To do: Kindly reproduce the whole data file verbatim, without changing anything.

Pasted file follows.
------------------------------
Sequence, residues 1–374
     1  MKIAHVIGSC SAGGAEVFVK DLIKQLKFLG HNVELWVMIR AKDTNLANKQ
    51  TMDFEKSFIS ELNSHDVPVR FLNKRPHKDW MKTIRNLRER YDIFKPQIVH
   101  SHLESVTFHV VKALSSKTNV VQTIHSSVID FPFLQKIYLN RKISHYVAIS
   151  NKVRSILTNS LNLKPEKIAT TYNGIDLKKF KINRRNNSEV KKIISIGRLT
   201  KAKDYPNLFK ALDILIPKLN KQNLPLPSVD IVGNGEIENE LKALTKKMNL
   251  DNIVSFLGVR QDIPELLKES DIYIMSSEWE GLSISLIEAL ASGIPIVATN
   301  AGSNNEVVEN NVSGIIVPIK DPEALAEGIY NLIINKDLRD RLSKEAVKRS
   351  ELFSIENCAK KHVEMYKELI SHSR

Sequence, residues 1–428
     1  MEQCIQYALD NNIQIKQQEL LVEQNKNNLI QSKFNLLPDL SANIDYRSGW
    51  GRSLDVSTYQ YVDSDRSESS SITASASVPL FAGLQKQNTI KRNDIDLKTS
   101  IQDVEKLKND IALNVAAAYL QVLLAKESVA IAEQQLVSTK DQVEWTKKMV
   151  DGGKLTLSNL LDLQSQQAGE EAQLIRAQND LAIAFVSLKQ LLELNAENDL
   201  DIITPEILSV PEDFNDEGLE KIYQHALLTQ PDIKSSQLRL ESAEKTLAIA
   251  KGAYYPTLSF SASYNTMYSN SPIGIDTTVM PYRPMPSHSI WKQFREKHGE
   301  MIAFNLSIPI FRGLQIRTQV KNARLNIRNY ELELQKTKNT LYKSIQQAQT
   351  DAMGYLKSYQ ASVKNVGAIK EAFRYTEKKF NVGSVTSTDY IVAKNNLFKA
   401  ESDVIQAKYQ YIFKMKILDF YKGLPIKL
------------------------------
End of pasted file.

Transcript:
Sequence, residues 1–374
     1  MKIAHVIGSC SAGGAEVFVK DLIKQLKFLG HNVELWVMIR AKDTNLANKQ
    51  TMDFEKSFIS ELNSHDVPVR FLNKRPHKDW MKTIRNLRER YDIFKPQIVH
   101  SHLESVTFHV VKALSSKTNV VQTIHSSVID FPFLQKIYLN RKISHYVAIS
   151  NKVRSILTNS LNLKPEKIAT TYNGIDLKKF KINRRNNSEV KKIISIGRLT
   201  KAKDYPNLFK ALDILIPKLN KQNLPLPSVD IVGNGEIENE LKALTKKMNL
   251  DNIVSFLGVR QDIPELLKES DIYIMSSEWE GLSISLIEAL ASGIPIVATN
   301  AGSNNEVVEN NVSGIIVPIK DPEALAEGIY NLIINKDLRD RLSKEAVKRS
   351  ELFSIENCAK KHVEMYKELI SHSR

Sequence, residues 1–428
     1  MEQCIQYALD NNIQIKQQEL LVEQNKNNLI QSKFNLLPDL SANIDYRSGW
    51  GRSLDVSTYQ YVDSDRSESS SITASASVPL FAGLQKQNTI KRNDIDLKTS
   101  IQDVEKLKND IALNVAAAYL QVLLAKESVA IAEQQLVSTK DQVEWTKKMV
   151  DGGKLTLSNL LDLQSQQAGE EAQLIRAQND LAIAFVSLKQ LLELNAENDL
   201  DIITPEILSV PEDFNDEGLE KIYQHALLTQ PDIKSSQLRL ESAEKTLAIA
   251  KGAYYPTLSF SASYNTMYSN SPIGIDTTVM PYRPMPSHSI WKQFREKHGE
   301  MIAFNLSIPI FRGLQIRTQV KNARLNIRNY ELELQKTKNT LYKSIQQAQT
   351  DAMGYLKSYQ ASVKNVGAIK EAFRYTEKKF NVGSVTSTDY IVAKNNLFKA
   401  ESDVIQAKYQ YIFKMKILDF YKGLPIKL